Heard it Here

Wake Forest Students Cover Downtown Winston-Salem

Central Library Closed, Homeless without another Home

For months now, the Forsyth County Central Library has been closed for renovations. The downtown community has lost a place to read and check out books, surf the internet, research and relax. Others lost even more: a bathroom, a warm haven to get away from the cold, peace and safety. These are Winston-Salem’s homeless.

“To them, they’ve lost a second home,” said Jose Perez, the Forsyth County Public Library (FCPL) peer support specialist. Perez said he saw over 20 homeless people using the Central Library on a regular basis.

“It was a safe environment for them to get away,” said Perez.

Perez became the Central Library’s peer support specialist in 2012 and now holds the title for the entire library system. His job is to help the homeless that come to the libraries. Perez uses “resources and services in the community to get them where they need to be,” he said. This is often in terms of housing, food vouchers and more. As someone who was previously homeless, Perez can relate to many of homeless people’s situations and acts as a counselor, someone to talk to.

“It doesn’t matter if you’re rich or poor, a college student or a senior citizen. [The library] was open for everyone,” said Richard Cassidy, a member of Anthony’s Plot.

Anthony’s Plot is a Christian non-profit organization, with a house, based in Winston-Salem. Anthony’s Plot is geared to helping those that are homeless or are struggling and on the path to homelessness. Cassidy, who was once homeless himself as well, is now in charge of the technology at Anthony’s Plot.

Many people Cassidy has come across used the Central Library.

“When it was open, there were times that we, Anthony’s Plot, used a room in the library as an office because we knew people were there,” said Cassidy. Several he saw every day.

Cassidy has noticed that one of the biggest problems the renovation has caused for the homeless population is the loss a bathroom.

“There are no bathrooms downtown, no public restrooms,” said Cassidy. He clarified, “for people not spending money, there is not a restroom.”

Most restaurants, hotels and shops only allow access to their restrooms if a purchase is made. With the Central Library closed, another basic life necessity was taken away from the homeless, explained Cassidy.

The renovation of the Central Library, located on West 5th Street, is the first renovation since its last, and only, renovation in the 1980s. The renovation is projected to be completed by the spring of 2017.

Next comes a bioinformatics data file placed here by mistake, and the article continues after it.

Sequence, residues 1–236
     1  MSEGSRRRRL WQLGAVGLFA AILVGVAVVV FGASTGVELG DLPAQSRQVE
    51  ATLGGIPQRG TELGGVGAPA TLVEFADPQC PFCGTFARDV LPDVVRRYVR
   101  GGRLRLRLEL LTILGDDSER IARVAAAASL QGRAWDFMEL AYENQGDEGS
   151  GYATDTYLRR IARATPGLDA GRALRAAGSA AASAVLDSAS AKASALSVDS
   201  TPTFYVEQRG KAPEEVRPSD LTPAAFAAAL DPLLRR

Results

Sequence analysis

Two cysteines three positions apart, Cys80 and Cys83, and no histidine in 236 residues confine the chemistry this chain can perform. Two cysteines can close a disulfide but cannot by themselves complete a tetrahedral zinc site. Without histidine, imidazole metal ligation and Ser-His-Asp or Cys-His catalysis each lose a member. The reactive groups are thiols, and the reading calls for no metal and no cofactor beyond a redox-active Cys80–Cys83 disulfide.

Many groups are working to help the homeless even more during this renovation. Compassionate Winston-Salem, an organization that leads compassionate acts in the community, held a panel, moderated by a member of Anthony’s Plot, last month discussing the homeless situation in downtown Winston-Salem. Also, many of the churches downtown have overflow shelters, including Centenary United Methodist Church and Lloyd Presbyterian Church. The shelter at Lloyd Presbyterian plans to open its doors earlier this year.

Many of the Central Library’s homeless users now use some of the other FCPL locations. Perez has noticed that many of the Central Library regulars have made the journey to Southside Library on Buchanan Street and Reynolda Manor Branch Library on Fairlawn Drive.

Winston-Salem Police Department bike patrol officer Sergeant Kevin Bowers has also noticed a similar pattern since the renovation.

“Since the closing, a number of the homeless people have been going to the other library branches,” Bowers said. “I have also noticed more of the homeless population hanging out more at Corpening Plaza.”

“Anyone can fall into their situation at any given moment. You get hit the wrong way and don’t know how to handle it,” said Perez. “The general population takes the library for granted.”

In terms of the Central Library’s reopening, Perez said that to the homeless, “many say looking forward to it is a huge understatement.”

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